Meet 4

Discourse Analysis and Grammar

By Dr. Bejo Sutrisno, M.Pd.

Recognize the nature of Grammar discourse to obtain theoretical knowledge based on the use of Anaphoric, cataphoric and exophoric references.

Grammatical Cohesion and Textuality

Spoken and written discourses display grammatical connections between individual clauses and utterances.

Grammatical Links

What are the grammatical links?

Grammatical Links

  • These Grammatical Links can be classified under three broad types:
  1. Reference (or co-reference);
  2. Ellipsis/substitution, and
  3. Conjunction.

References

3 References

Three types of references

which have important attention in discourse analysis are:

  1. Anaphoric Refererences,
  2. Cataphoric References, and 
  3. Exophoric Refernces
1. Anaphoric
  • ANAPHORIC reference occurs when a word or phrase refers to something mentioned earlier in the discourse.

Example:

Diana went to the campusShe was annoyed because it was closed

She refers to Diana.
it refers to the campus.

2. Cataphoric
  • CATAPHORIC reference occurs when a word or phrase refers to something mentioned later in the discourse.

Example:

Although I phone her every week, my mother still complains that I don’t keep in touch often enough.

Her refers to my mother.

3. Exophoric

EXOPHORIC reference occurs when a word or phrase refers to something outsidethe discourse.

Example:

Theyre late again, can you believe it?”
“I know! Well, theyd better get here soon or itll get cold.”

They refers to some people outside the discourse known to both speakers.

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More References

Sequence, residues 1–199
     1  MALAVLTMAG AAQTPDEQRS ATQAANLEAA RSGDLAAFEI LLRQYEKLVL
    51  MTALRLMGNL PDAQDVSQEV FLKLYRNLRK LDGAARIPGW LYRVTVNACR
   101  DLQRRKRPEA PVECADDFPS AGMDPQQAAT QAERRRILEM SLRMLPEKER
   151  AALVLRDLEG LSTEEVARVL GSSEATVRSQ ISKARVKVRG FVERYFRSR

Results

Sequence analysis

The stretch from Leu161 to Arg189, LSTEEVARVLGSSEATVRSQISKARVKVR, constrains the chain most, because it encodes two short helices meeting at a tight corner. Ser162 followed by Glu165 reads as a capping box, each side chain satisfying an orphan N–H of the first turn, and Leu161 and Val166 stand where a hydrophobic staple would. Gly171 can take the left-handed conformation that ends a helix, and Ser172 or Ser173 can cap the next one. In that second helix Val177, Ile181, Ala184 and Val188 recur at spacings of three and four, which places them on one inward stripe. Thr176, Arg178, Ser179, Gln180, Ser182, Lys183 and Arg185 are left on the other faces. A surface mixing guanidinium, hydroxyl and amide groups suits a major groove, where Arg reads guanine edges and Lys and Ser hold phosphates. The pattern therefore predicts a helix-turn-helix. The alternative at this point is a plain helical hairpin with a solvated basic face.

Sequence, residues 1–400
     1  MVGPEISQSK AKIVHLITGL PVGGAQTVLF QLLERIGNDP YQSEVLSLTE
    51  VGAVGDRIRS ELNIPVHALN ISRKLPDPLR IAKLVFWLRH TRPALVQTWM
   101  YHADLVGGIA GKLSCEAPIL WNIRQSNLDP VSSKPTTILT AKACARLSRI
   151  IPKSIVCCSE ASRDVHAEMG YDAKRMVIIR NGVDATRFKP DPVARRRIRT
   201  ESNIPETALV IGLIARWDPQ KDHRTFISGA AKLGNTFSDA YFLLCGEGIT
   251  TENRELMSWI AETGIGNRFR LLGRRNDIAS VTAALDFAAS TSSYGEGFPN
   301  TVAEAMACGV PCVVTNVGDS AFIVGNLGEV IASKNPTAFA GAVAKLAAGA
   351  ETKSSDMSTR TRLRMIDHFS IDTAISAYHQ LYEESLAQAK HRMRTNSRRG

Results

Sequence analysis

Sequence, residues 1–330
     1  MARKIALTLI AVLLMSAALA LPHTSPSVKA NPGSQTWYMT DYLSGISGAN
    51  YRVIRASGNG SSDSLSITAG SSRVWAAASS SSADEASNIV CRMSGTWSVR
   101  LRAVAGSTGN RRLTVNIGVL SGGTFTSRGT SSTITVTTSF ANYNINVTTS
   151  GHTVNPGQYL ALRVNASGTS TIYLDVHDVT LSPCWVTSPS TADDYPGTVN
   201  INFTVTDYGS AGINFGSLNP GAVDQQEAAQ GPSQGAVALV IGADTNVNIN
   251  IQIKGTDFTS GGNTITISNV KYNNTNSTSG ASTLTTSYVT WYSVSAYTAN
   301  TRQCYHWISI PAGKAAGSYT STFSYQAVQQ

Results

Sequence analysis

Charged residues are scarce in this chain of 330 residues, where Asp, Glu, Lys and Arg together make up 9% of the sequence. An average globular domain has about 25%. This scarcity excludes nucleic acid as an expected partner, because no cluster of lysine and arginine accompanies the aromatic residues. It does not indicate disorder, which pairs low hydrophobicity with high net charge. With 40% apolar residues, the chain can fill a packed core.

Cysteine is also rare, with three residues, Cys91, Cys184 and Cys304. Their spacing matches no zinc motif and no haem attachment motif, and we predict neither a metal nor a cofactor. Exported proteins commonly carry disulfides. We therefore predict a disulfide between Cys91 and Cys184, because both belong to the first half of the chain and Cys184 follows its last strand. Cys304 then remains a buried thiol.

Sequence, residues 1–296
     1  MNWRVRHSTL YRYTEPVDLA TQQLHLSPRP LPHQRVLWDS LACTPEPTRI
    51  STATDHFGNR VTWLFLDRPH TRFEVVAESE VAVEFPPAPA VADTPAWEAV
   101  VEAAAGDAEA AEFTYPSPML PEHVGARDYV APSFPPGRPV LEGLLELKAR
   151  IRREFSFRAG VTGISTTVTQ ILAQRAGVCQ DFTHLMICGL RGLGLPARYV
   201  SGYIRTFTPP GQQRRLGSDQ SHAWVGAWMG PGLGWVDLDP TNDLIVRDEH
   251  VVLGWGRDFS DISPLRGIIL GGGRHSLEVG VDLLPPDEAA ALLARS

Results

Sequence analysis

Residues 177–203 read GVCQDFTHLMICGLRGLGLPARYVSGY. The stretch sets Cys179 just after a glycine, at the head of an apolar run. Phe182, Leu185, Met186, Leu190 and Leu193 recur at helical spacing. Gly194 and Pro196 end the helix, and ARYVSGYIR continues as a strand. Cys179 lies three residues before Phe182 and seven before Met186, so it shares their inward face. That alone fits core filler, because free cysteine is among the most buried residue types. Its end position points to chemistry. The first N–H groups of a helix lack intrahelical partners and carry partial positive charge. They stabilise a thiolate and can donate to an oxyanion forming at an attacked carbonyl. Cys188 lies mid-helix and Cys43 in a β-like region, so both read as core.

• Reference items in English include PRONOUNS (e.g: he, she, it, him , they, etc.), DEMONSTRATIVES (this, that, these, those), the ARTICLE the, and items like such a.
  •  

The schoolmaster was leaving the village, and everybody   seemed sorry. The miller at Cresscombe lent him the small   white tilted cart and horse to carry his goods to the city   of his destination, about twenty miles off, such a vehicle   proving of quite sufficient size for the departing teacher’s   effects 

Now consider this example of reference with the pronoun they:

Example (2.2)   

They pressed round him in ragged fashion to take   their money.  Andy, Dave, Phil, Stephen, Bob.

Example (2.3) 

It rained day and night for two weeks. The basement  flooded and everything was under water. It spoilt all our calculations.

Exophoric and Cataphoric References

References

McCarthy, M. (2000). Discourse Analysis for Language Teachers, Cambridge: University Press.
Penny, W. K. (2002). Form and Function of Linguistic Items in Discourse: Analysis of a Spoken Text.
Schiffrin, D., Tannen, D. & Hamilton, H.E. (2001). The Handbook of discourse analysis. UK: Blackwell Publisher.

Youtube Ceal Elss (2018). Cohesion with Cohesive Devices. https://www.youtube.com/watch?v=7ltfoqsb3_s